Salt water taffy doesn't really have much salt

The fact that we all call it salt water taffy might lead to some confusion. For many who haven't tried this soft and chewy sweet, they may believe they're about to bite into a fruit-flavored piece of candy with a salty kick. And especially for flavors such as frosted cupcake, adding the overwhelming flavor of salt into the mix just sounds pretty gross. 

But the name "salt water taffy" is definitely misleading, as salt water taffy barely utilizes any salt at all. Yes, there's certainly a bit of water and salt added to the recipe, but the amount of salt in most taffy recipes is very minimal. In fact, salt water taffy company Shriver's doesn't add any salt at all to its recipe (except for just a pinch in the peanut butter flavor).

Just be warned: If you've never had this treat before, don't expect this dessert to be salty or savory in any way (unless you order a weird flavor).

Salt water taffy has a surprising amount of fat

Of course, it goes without saying that candy isn't exactly health food. After all, candy is generally jam-packed with sugars and carbohydrates, adding up to plenty of calories. But when it comes to some candies on the market, it's not uncommon to see claims on the packaging of being "low-free" or "fat-free," like those you'll find on Twizzlers licorice and Swedish Fish packages. But that's certainly not the case for salt water taffy.

Not all salt water taffy is made from the same recipe, but most are fairly similar, and most of them consist of sugar, corn syrup, and butter or oil. A typical serving of salt water taffy, which is about seven pieces, has two grams of fat. And while that number may not seem astronomical, it is high when you consider how small and nutritionally lacking these candies are. We can thank all the butter and corn syrup that goes into our favorite salt water taffy flavors for that.

Frank Sinatra really liked salt water taffy

Truth be told, we can all probably get on board with eating copious amounts of salt water taffy. It's sweet and chewy and so delicious ... until you end up with a stomach ache, of course.

In the late 1970s, Atlantic City was experiencing a huge surge of tourists as it legalized casinos. Other events, such as concerts and boxing matches, started popping up around the area due to the increased traffic from the casinos, and the city began to draw crowds. Not only was salt water taffy said to be born in Atlantic City, it also found its home there amongst bands of hungry tourists on the hunt for a sweet treat.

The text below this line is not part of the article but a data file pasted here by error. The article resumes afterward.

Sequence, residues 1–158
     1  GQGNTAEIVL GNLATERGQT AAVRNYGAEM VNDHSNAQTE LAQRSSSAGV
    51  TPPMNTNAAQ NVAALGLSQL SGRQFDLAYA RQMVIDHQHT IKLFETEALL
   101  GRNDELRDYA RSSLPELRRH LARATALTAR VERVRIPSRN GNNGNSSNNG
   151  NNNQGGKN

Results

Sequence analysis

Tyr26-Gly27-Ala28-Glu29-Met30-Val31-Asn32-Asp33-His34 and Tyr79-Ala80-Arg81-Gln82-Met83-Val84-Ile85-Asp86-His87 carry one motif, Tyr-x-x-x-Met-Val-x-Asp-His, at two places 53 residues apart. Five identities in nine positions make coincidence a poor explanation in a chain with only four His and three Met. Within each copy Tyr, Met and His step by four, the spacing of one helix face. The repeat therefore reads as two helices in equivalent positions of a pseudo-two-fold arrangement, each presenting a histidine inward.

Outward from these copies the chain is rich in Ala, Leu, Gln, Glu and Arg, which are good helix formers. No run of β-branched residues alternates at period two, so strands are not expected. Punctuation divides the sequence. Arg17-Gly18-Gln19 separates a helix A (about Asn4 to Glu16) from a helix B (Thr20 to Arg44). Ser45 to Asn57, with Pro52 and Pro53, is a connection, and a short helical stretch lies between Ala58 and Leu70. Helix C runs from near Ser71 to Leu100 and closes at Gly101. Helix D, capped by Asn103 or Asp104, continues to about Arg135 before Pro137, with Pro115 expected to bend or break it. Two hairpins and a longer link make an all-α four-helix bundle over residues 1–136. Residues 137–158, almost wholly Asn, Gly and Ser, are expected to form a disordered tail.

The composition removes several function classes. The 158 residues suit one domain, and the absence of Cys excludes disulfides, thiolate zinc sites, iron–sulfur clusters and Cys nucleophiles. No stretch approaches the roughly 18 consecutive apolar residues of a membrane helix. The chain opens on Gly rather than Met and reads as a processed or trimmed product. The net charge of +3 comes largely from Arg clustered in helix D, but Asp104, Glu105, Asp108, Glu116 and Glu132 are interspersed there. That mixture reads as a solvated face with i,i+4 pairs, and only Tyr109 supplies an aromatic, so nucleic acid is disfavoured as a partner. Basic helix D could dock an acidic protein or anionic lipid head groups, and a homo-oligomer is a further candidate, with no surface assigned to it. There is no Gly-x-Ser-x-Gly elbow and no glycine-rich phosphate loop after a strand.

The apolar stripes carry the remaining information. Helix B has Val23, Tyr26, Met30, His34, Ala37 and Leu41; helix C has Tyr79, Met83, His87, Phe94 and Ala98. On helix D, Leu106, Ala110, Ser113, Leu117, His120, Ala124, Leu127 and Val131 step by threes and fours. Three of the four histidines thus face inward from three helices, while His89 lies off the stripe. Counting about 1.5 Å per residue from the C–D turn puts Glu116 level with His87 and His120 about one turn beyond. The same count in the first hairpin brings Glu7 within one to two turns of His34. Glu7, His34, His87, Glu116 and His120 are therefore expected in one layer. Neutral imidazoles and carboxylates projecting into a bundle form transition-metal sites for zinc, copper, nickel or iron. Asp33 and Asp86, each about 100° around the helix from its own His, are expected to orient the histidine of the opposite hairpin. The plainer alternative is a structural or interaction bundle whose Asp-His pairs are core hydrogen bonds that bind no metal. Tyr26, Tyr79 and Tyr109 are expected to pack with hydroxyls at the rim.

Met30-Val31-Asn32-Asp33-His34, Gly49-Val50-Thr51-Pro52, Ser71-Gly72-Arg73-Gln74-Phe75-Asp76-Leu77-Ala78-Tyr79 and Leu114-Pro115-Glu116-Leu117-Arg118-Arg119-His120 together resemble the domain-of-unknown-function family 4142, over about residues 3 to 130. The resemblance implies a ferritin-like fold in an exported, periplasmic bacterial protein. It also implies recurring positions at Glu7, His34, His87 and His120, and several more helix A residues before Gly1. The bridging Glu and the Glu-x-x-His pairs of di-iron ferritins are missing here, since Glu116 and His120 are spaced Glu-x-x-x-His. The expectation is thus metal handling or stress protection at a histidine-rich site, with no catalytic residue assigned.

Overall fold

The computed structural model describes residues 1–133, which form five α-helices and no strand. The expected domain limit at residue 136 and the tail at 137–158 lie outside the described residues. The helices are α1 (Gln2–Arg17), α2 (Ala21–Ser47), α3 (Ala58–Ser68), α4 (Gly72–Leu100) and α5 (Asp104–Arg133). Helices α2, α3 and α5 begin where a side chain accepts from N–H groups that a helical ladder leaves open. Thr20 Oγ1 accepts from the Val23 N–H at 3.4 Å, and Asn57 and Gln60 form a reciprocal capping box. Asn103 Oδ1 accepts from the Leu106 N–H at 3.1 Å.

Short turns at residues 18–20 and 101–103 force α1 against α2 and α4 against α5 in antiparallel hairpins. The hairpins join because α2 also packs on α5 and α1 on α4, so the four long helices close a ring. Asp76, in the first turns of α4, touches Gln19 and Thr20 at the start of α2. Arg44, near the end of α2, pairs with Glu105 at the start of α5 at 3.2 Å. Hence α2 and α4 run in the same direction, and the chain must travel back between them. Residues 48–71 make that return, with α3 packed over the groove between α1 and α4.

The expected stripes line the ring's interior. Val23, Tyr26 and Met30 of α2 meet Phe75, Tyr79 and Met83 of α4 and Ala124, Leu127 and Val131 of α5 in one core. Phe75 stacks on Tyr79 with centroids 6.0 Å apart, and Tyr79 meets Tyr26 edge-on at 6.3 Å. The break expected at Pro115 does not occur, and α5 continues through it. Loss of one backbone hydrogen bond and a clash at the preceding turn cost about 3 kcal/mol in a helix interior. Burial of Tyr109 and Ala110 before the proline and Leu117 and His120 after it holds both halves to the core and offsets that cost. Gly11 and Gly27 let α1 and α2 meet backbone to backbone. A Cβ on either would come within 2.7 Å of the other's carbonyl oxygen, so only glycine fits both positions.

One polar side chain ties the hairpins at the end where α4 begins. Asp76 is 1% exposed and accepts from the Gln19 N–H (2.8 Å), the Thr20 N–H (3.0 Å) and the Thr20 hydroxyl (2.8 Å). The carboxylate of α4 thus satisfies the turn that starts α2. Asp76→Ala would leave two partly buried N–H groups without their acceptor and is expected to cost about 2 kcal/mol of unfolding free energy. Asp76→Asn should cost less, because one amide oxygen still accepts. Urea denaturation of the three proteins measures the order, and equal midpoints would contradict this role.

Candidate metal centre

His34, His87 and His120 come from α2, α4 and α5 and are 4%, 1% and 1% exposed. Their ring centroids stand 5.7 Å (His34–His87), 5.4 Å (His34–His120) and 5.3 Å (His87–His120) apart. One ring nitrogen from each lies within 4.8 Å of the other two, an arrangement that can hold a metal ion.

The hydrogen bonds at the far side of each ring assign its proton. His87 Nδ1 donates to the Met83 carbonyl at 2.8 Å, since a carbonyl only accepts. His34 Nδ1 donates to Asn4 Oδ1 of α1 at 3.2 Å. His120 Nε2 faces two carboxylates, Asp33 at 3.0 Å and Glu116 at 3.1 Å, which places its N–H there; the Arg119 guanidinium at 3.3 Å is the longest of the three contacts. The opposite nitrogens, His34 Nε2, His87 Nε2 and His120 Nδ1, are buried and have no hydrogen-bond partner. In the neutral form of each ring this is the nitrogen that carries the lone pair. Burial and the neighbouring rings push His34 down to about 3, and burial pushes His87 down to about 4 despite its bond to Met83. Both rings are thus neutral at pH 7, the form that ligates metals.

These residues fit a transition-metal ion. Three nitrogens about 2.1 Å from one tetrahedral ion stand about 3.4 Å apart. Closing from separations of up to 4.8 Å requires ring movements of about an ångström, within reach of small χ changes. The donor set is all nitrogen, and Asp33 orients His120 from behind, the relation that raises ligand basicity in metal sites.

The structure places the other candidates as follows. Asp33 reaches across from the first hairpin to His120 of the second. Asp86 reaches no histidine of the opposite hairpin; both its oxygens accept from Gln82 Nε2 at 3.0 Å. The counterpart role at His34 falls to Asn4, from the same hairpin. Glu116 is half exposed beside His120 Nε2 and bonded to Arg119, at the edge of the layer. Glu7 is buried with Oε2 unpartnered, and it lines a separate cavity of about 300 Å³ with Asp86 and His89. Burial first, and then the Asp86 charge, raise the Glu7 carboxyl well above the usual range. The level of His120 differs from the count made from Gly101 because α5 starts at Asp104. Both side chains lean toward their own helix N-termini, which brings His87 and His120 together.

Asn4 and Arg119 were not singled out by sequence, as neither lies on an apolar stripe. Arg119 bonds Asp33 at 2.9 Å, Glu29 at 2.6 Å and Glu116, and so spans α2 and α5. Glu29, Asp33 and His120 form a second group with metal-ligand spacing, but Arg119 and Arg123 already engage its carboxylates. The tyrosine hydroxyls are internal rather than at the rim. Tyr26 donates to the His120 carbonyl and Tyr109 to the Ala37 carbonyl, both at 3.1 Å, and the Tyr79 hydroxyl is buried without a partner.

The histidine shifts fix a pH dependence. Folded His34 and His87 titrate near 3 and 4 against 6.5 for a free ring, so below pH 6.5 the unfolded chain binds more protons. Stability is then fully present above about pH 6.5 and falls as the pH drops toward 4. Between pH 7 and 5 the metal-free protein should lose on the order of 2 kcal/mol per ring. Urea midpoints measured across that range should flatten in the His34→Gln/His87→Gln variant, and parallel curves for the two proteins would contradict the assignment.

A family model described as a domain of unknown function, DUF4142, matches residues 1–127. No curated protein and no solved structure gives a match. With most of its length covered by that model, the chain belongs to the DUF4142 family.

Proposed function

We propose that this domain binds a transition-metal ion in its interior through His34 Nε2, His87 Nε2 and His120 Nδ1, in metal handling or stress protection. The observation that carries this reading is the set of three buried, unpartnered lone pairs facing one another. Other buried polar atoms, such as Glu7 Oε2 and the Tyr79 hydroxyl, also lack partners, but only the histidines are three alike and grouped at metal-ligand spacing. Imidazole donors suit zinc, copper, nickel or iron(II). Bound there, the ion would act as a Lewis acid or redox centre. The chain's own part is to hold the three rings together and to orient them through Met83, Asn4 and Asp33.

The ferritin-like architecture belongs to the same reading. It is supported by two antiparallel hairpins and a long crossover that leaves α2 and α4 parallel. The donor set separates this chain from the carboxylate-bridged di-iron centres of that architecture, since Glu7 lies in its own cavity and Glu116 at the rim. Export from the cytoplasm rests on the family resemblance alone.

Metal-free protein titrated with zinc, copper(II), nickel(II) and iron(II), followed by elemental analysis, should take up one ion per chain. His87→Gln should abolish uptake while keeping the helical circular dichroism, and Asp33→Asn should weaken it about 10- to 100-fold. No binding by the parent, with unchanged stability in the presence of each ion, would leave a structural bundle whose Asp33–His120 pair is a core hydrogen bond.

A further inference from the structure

It also seemed to have drawn the attention of famed singer Frank Sinatra after a performance at Resorts International. In 1978, Sinatra ordered more than 500 boxes of salt water taffy from a well-known local Atlantic City candy company, taking the record for the biggest single mail order of this popular sweet. But, don't worry, he didn't sit in his hotel room and eat all of that taffy on his own. He had ordered the boxes of salt water taffy in his favorite flavors (vanilla, chocolate, and strawberry) to be delivered to his friends and relatives as a commemoration of his show in Atlantic City.

Salt water taffy-pulling parties used to be real events

While the process of making salt water taffy has been mechanized, there certainly are still people who pull it by hand at home. That may not sound like an exciting way to spend an afternoon to you, but there are people out there who organize parties around this activity alone.

Taffy pulling is hard work, requiring constant movement of your hands and arms. So it wouldn't be so bad to have a little help to make the process easier, right? And that's exactly what people did in the 1800s.

Getting people together to make salt water taffy was common, even popular, especially at colleges and churches. Guests would gather to boil the candy and then, yes, pull it. This was considered a fun activity for men and women, young and old alike. It may not sound like your typical Friday night these days, but the appeal is definitely there. There are worse things to do at a party than play with sugary goop. Plus, you get to eat the candy in the end, so what's not to like about that?

Soldiers ate salt water taffy during World War II

During World War II, candy companies wanted to provide soldiers overseas with a steady supply of candy, and salt water taffy was often a part of those care packages.

Because taffy is made with plenty of sugar and corn syrup and wrapped up individually in paper, it's an easy product to ship without worrying about damage to the item or the potential for significant melting. And getting the candy to the soldiers was actually far more of a priority than you might think.

During World War II, many food rations were put into place, and Americans needed a government-issued food coupon to buy sugar, along with coffee, meats, cheeses, and other products. Given that ration, some taffy makers would make as much taffy as possible to send to armed forces, and then they'd close their doors when the sugar ran out until they could refill their rations. Talk about a sweet commitment.

You can make your own salt water taffy

While it's certainly tradition to head to the beach boardwalk and take salt water taffy home with you, there is a solution if you can't make it out to the sea. You have to curb that craving some way, right?

As it turns out, you can actually make salt water taffy on your own at home. And unsurprisingly, it requires a whole lot of sugar.

Candy makers at home can mix together sugar with cornstarch, butter, corn syrup, salt, water, and vanilla extract to make the candy. Once the mixture comes together, allow it to cool, and then the real fun begins. Making it at home will allow you to try your hand at stretching taffy, folding the mixture over itself multiple times, and creating a roll to cut pieces from. It'll definitely require a candy thermometer to get the right temperature for the candy, but it may be worth it to have a taste of the seaside at your own home.